COMMENTARY

Arefa MD's Morning Report: Coronary Artery Calcium and Statins, Depression and Hormonal Contraceptives, Yoga and Low Back Pain

Arefa Cassoobhoy, MD, MPH

Disclosures

October 07, 2016

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Hello. I'm Dr Arefa Cassoobhoy, a practicing internist and a medical editor for Medscape and WebMD. Welcome to our weekly brief on recent medical news and findings.

Coronary Artery Calcium Scoring: Can It Reduce Reliance on Statins?

Obtaining coronary artery calcium scores can prove valuable in determining which of your patients might benefit from statins and which won't. This German study included 3745 individuals without known heart disease and who were not on lipid-lowering meds. Researchers calculated both their cardiac risk scores using current algorithms and the coronary artery calcium scores from cardiac CT.

During the 10-year follow-up period, patients with baseline coronary artery calcium scores of 400 or higher had a cardiac event rate of 12.6%. But when baseline scores were less than 100, the chance of a cardiac event decreased to just over 3%.

This means that you may be able to better risk-stratify those patients who qualify for a statin per guidelines but who have a low coronary artery calcium score—especially those with a zero score. They may not need a statin after all.

Hormonal Contraceptives and Depression

Next, there is evidence that women who use hormonal contraceptives, even low-dose formulations, face an increased risk of developing depression.

Mood changes have long been associated with hormonal contraceptives. This new study looked at Danish data over 14 years. It included more than 1 million females between the ages of 15 and 34 years who had no baseline psychiatric diagnosis. The researchers included women using oral contraceptives, as well as those using the transdermal patch, vaginal ring, and hormonal intrauterine devices.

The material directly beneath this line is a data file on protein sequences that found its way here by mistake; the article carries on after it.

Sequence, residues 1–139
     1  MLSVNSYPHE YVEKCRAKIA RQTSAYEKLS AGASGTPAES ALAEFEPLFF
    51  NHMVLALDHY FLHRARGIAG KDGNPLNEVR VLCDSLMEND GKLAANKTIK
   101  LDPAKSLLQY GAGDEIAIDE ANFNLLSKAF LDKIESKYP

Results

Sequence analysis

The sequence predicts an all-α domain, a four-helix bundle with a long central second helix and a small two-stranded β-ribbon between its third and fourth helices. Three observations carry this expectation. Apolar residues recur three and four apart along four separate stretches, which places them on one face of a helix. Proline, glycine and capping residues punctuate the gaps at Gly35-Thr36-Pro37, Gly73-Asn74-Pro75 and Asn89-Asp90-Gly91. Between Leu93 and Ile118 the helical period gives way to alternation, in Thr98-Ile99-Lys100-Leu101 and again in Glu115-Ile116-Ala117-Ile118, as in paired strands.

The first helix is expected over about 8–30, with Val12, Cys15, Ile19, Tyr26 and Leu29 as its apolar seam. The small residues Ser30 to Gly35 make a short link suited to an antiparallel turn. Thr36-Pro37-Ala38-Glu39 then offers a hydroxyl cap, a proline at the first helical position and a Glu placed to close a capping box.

The investigators found that women who used hormonal contraception were more likely to start using antidepressants or receive a diagnosis of depression. This supports the theory that progesterone is involved in the etiology of depression.

Two key findings that I want to emphasize:

  • Teenagers appear to be most vulnerable; and

  • Depression symptoms were highest in the first 6 months of use and decreased thereafter.

Yoga vs PT for Low Back Pain

And finally, it seems that yoga may be just as good, if not better, than physical therapy (PT) for relief from back pain.

The study included over 300 low-income patients experiencing chronic back pain with no obvious cause, like spinal stenosis. Patients were randomly assigned to PT, yoga, or education and were followed for 1 year. The researchers found that for some patients, quality yoga was superior to PT in relieving back pain, especially among those who were more dedicated to practicing it.

Another benefit was seen in pain medication use. At the beginning of the study, almost 75% of the participants were taking pain medications, with about 20% using opioids. After 12 weeks, 20% of both the yoga and the PT groups had reduced their usage of pain meds.

This is also good news from a cost perspective. Quality yoga instruction is often less expensive than physical therapy. And in general, yoga is good for the brain, and practicing it may help with pain tolerance.

For Medscape and WebMD, I'm Dr Arefa Cassoobhoy.

Follow Dr Cassoobhoy on Twitter at @ArefaMD

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